July 13, 2024
Shuri Castle. Photo by Motobu Naoki

From the late Ryukyu Kingdom to the Meiji period (1868–1912), there were karate masters named Ishimine (石嶺) or Ishimine (伊志嶺). Both are pronounced “Ishimine,” but their kanji characters are different.

For example, in Motobu Choki’s My Art and Skill of Karate (1932), there is the following description.

Ishimine from Akahira was also known to possess herculean strength (p. 84).

Ishimine from Samukawa was agile, and his techniques were nimble. Moreover, he was known as a preserver of traditional karate (p. 87).

My Art and Skill of Karate (Ryukyu Bugei – Ancient Martial Arts of the Ryukyu Islands)

The book “My Art and Skill of Karate” presents the technical knowledge and original accounts imparted by famed Okinawa…

According to the above, we can see that there were two Ishimine, one from Akahira, Shuri and the other from Samukawa, Shuri.

In “Okinawa’s Martial Arts (1)” (Ryukyu Shimpo, January 17, 1914), narrated by Asato Ankō and written by Shōtō (Funakoshi Gichin), the name “Ishimine from Gibo” appears in addition to “Ishimine from Akahira.” Gibo is located west of Akahira.

From the above, it is evident that there were three Ishimine.

Ishimine from Akahira
Ishimine from Gibo
Ishimine from Samukawa

In Karatedō Taikan edited by Nakasone Genwa (1938), there is a tale about a match between Ishimine from Akahira and Ishimine from Gibo.

There was a man named Ishimine in Gibo, near Shuri Castle, who trained hard in karate. There was also a man with the same name Ishimine in the town of Akahira, near the castle, who was five or six years older than Gibo Ishimine. One day, Akahira Ishimine said to Gibo Ishimine:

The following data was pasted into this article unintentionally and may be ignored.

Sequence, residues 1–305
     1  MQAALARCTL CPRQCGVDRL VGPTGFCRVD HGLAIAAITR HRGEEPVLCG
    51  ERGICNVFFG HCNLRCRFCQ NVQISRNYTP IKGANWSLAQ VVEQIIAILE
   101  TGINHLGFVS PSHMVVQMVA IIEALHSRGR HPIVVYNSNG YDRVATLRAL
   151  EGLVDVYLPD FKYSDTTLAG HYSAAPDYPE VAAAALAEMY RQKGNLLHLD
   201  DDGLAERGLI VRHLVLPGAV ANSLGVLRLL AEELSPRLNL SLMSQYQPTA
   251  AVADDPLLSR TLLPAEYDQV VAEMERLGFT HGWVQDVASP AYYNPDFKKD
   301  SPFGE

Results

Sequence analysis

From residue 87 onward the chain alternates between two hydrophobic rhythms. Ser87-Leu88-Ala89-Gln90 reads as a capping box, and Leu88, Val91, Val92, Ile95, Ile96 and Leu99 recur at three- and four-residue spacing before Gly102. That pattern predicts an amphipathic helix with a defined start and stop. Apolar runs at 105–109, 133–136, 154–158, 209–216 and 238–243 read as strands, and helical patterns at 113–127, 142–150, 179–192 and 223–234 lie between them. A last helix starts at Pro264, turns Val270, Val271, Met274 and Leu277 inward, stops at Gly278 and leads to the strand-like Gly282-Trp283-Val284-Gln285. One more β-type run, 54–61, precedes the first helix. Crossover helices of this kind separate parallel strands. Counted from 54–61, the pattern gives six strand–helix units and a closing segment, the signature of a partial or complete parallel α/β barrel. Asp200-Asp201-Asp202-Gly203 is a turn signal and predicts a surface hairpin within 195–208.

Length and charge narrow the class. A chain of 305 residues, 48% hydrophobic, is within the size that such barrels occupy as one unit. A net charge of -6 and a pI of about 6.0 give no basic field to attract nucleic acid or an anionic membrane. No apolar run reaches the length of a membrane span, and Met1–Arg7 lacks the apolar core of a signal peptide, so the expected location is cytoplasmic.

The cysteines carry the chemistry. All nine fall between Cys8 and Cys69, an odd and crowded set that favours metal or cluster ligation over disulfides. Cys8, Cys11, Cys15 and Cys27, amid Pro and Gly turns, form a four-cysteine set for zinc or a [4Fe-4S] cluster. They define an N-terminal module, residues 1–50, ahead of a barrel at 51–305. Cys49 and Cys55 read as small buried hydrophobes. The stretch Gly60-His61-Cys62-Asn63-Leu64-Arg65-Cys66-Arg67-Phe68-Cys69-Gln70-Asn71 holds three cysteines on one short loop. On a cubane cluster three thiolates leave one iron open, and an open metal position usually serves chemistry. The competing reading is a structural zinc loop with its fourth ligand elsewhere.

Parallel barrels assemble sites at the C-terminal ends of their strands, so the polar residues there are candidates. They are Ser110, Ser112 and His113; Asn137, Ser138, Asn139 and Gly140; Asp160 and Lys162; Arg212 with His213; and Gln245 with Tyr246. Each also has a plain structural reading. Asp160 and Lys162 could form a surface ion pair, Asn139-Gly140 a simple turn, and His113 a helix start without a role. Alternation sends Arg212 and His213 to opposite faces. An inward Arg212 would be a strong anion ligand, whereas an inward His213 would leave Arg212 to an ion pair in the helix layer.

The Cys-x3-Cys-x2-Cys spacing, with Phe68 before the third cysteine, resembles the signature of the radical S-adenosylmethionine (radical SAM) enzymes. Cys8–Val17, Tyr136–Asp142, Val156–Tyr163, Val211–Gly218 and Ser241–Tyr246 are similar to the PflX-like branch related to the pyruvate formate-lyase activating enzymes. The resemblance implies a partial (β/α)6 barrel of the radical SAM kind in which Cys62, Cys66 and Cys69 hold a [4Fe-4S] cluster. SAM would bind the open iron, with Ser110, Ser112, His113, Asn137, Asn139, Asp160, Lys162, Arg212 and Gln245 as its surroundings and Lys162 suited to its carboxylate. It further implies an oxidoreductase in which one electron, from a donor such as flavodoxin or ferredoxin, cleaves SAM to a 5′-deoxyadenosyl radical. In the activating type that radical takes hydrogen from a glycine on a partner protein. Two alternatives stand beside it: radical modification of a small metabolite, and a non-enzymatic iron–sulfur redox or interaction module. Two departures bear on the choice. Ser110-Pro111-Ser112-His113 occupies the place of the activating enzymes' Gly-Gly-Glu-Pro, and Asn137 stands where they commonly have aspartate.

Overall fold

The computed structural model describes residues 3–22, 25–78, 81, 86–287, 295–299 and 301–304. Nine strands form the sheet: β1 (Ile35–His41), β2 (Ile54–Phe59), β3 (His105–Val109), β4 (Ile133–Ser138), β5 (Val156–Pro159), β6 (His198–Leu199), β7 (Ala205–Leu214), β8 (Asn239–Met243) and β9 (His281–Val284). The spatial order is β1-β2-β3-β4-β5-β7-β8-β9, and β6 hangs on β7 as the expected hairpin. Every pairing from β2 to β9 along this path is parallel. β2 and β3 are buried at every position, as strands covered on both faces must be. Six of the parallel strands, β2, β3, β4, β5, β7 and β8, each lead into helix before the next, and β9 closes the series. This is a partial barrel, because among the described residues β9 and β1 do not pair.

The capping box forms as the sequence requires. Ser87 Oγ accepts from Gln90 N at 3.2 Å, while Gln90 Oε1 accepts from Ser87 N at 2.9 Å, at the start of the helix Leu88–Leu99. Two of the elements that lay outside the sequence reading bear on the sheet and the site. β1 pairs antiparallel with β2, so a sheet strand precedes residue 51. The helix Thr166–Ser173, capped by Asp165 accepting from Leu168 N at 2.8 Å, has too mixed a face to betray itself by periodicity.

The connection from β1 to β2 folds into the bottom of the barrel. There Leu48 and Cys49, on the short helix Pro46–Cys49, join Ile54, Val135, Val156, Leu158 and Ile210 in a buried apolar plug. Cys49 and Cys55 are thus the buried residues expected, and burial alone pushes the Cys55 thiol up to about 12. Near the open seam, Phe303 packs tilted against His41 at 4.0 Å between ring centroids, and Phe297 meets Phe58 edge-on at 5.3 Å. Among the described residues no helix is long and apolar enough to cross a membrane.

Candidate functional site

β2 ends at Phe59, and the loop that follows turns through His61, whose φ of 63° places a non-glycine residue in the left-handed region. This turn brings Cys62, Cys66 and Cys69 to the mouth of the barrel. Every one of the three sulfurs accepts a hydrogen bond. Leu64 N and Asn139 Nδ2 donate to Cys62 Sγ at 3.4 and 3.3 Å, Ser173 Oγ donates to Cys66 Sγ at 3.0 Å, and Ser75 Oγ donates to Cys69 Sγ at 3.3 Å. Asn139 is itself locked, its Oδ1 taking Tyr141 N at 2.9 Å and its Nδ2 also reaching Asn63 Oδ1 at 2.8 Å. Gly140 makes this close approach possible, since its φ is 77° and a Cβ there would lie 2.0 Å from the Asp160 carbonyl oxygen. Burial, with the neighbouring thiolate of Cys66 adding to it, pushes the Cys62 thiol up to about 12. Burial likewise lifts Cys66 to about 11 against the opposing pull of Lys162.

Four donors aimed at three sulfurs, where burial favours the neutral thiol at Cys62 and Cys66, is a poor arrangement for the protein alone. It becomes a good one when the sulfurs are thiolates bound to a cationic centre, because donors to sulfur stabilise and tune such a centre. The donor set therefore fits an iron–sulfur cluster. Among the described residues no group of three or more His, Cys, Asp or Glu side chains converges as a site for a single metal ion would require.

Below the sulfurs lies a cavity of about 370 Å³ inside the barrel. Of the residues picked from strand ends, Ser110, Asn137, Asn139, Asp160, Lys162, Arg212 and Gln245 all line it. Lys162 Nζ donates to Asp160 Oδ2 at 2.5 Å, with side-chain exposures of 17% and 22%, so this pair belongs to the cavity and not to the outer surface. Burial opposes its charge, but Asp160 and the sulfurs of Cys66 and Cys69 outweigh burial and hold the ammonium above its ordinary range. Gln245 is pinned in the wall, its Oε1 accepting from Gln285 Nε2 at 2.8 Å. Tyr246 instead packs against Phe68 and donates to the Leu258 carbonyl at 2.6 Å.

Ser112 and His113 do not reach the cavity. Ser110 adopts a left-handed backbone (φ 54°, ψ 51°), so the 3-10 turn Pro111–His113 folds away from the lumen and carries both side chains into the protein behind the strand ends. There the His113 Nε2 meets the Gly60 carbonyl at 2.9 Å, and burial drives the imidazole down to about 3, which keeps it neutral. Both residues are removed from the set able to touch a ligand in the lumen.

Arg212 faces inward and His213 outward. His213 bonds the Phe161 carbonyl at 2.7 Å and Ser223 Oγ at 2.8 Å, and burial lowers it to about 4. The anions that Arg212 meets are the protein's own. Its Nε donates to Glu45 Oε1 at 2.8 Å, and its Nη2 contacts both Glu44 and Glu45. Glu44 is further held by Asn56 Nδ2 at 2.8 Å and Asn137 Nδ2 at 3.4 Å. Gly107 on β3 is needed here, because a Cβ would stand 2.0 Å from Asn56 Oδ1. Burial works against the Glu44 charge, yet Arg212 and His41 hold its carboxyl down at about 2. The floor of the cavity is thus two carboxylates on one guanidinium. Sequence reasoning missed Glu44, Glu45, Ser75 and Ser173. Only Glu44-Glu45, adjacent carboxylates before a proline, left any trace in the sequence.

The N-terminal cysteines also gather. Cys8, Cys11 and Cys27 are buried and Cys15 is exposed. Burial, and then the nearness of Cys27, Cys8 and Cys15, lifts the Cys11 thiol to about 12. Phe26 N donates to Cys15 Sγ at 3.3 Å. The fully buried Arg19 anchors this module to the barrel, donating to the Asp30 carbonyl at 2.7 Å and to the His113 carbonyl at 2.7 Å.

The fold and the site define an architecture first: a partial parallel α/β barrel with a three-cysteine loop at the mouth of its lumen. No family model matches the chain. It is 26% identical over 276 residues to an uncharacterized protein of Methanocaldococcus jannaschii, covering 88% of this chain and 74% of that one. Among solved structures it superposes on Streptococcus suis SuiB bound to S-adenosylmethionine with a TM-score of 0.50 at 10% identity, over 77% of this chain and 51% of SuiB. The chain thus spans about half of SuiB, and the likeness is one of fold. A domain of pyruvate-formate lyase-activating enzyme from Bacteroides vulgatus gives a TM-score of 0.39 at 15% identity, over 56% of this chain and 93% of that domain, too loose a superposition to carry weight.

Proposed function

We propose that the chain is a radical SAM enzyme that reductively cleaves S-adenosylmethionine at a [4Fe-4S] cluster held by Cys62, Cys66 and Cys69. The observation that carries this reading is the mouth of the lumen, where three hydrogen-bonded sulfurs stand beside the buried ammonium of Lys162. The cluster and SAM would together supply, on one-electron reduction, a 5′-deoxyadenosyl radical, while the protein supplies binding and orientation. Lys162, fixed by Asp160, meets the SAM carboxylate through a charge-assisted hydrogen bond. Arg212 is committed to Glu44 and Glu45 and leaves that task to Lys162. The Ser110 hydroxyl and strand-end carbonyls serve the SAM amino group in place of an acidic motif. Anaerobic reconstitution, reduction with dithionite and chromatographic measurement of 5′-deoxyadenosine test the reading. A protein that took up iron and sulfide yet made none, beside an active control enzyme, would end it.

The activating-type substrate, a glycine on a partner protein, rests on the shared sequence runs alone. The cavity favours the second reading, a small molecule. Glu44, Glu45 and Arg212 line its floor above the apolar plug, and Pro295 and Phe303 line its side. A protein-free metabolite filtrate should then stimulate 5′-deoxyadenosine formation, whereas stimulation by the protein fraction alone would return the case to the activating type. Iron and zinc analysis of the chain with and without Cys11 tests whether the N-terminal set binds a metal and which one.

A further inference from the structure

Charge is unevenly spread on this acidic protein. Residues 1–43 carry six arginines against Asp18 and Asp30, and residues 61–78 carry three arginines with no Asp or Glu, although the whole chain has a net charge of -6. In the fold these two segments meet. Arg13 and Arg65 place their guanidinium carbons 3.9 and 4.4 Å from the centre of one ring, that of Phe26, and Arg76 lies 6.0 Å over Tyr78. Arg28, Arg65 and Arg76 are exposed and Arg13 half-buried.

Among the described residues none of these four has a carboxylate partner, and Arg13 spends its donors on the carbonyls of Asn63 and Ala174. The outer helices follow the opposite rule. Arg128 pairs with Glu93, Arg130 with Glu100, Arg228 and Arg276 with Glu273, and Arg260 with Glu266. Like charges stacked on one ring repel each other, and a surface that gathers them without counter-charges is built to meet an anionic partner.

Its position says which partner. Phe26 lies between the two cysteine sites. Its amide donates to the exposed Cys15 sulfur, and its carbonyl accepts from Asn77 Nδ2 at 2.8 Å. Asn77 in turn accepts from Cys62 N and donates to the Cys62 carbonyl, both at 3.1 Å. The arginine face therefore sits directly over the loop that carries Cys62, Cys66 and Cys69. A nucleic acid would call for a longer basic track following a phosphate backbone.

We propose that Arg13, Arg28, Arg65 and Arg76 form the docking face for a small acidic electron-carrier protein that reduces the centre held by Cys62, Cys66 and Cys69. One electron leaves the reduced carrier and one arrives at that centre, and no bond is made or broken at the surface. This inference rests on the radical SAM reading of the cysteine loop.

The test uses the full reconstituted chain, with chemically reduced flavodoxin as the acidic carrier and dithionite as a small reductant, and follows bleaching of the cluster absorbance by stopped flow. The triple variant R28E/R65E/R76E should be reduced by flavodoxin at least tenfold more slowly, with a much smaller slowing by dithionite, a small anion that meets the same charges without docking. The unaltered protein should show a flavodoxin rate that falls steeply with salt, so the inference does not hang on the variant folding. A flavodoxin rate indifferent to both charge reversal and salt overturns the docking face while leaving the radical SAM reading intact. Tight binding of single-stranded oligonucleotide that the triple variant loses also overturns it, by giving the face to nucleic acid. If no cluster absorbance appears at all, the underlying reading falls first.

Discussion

“The rumour is that you practice martial arts, and if that’s true, then you need to practice hard.”

Akahira Ishimine had a high-handed attitude and spoke in a manner that sounded somewhat insulting. At first, Gibo Ishimine listened respectfully as if it were the words of an elder, but he was so badly spoken that he finally couldn’t keep his mouth shut.

“Then, fortunately, I would like to ask you to teach me today to motivate me for the future.”

And he offered a match (p. 270)

When it came time to fight, Ishimine from Akahira never attacked him, only to be attacked by Ishimine from Gibo. However, no matter how many times Ishimine from Gibo tried, before long, he was cornered and defeated. When Ishimine from Akahira heard that Ishimine from Gibo was overconfident in his own skills and got carried away, he deliberately set up the match to make Ishimine from Gibo realize his inexperience.

Then, at that time, Ishimine from Akahira was superior to Ishimine from Gibo in terms of skill. Unfortunately, neither Ishimine from Akahira nor Ishimine from Gibo have been identified today.

The original English translation was posted on the Ameba blog on November 17, 2020.

Thank you for reading my story. If you don’t mind, please applaud and follow me.

Written by Motobu Naoki

Shihan, Motobu Kenpō 7th dan, Motobu Udundī 7th dan. Discusses the history of karate and martial arts, and introduces Japanese culture and history.  https://www.motobu-ryu.org/